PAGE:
National Radiologic Tech Week


Just before the turn of the 20th century, a German doctor named Wilhelm Conrad Rontgen discovered X-rays. Today, radiation therapy and medical imaging professionals use Rontgen's groundbreaking achievement to provide state-of-the-art medical care for millions of people.

Each November, the annual National Radiologic Technology Week celebrates the vital work of radiologic technicians across the country. The celebration, which runs Nov. 8-14 this year, coincides with the week of Rontgen's discovery in 1895, which led to him winning the first Nobel Prize in Physics in 1901.

With this year's theme of "Discovering the Inside Story," National Radiologic Technology Week highlights the important contribution that radiation therapy and medical imaging professionals make to modern health care and medical safety.


The American Society of Radiologic Technologists established National Radiologic Technology Week in July 1979, and the event was later moved to November to honor Rontgen's contribution to the field. The weeklong celebration aims to raise awareness about the important work of radiologic technologists.


In modern medicine, a variety of imaging technologies assist physicians in diagnosing and treating a wide range of illnesses. Technologies found in hospital and clinic radiology labs - including X-rays, ultrasound and others - provide a view inside humans' bodies. Staff members who operate imaging equipment are known as radiologic technologists or radiologic technicians. These professionals undergo extensive training to develop a high level of expertise required to provide high-quality medical imaging.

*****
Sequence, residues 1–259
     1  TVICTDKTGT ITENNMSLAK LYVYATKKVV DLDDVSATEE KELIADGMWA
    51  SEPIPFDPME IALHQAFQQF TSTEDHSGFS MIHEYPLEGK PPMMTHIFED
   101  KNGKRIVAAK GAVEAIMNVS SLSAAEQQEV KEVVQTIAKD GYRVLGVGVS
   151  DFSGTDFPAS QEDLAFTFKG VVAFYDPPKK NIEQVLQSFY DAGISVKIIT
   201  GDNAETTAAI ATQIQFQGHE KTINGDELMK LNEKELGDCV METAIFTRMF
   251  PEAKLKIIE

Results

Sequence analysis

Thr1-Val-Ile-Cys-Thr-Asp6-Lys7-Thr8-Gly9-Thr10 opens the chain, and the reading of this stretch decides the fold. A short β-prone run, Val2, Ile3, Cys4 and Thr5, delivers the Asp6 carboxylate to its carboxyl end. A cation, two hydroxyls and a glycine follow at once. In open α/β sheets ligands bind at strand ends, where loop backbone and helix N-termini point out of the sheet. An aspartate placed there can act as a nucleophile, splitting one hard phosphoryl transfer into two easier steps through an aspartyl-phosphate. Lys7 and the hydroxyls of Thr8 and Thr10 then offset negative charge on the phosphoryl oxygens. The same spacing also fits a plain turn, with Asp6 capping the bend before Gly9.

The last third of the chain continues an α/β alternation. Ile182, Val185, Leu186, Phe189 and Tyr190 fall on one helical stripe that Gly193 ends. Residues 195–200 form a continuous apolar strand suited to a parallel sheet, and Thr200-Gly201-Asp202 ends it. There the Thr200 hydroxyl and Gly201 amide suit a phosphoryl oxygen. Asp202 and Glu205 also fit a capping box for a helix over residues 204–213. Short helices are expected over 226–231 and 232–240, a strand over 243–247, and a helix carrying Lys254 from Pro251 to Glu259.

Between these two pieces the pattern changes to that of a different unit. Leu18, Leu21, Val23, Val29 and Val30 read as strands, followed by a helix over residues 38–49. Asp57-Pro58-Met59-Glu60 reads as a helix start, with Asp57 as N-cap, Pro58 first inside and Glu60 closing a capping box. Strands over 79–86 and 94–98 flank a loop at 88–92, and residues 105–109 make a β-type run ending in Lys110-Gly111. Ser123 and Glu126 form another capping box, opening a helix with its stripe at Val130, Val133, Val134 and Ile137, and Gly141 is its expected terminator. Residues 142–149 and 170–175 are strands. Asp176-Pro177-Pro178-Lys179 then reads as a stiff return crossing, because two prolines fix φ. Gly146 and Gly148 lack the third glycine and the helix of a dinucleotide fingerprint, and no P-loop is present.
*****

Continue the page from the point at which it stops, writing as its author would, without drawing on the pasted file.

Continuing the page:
In addition to possessing a thorough knowledge of imaging equipment, radiologic technicians also must understand anatomy. When a doctor orders a specific test, the technician must thoroughly understand the portion of the body to be imaged.

Radiologic technicians explain the process to patients and request that patients lie down for MRIs, CT scans and many types of X-rays. The technician orients the individual correctly on the bed to allow the equipment to record the highest-quality image possible. Other X-rays - say for the hand or foot - require that the technician know enough about anatomy to properly position the body for the best possible scan of the body part being imaged, usually from a standing or sitting position.

Technicians also must be aware of all the potential hazards of imaging equipment, including strong magnetic fields and ionizing radiation. They must understand and implement all needed safety precautions for protecting themselves and their patients.


The radiologic technician's mission is to provide high-quality, usable medical imaging in a safe environment with minimal discomfort to patients. For engaging in this important job, radiologic technicians enjoy rewarding careers with competitive compensation. Employment prospects for radiologic technicians are positive and are expected to increase by approximately 28 percent by 2020.

If you're interested in radiologic technology, celebrate National Radiologic Tech Week with us and learn more about this calling. A quick call with one of our career counselors will get you started.

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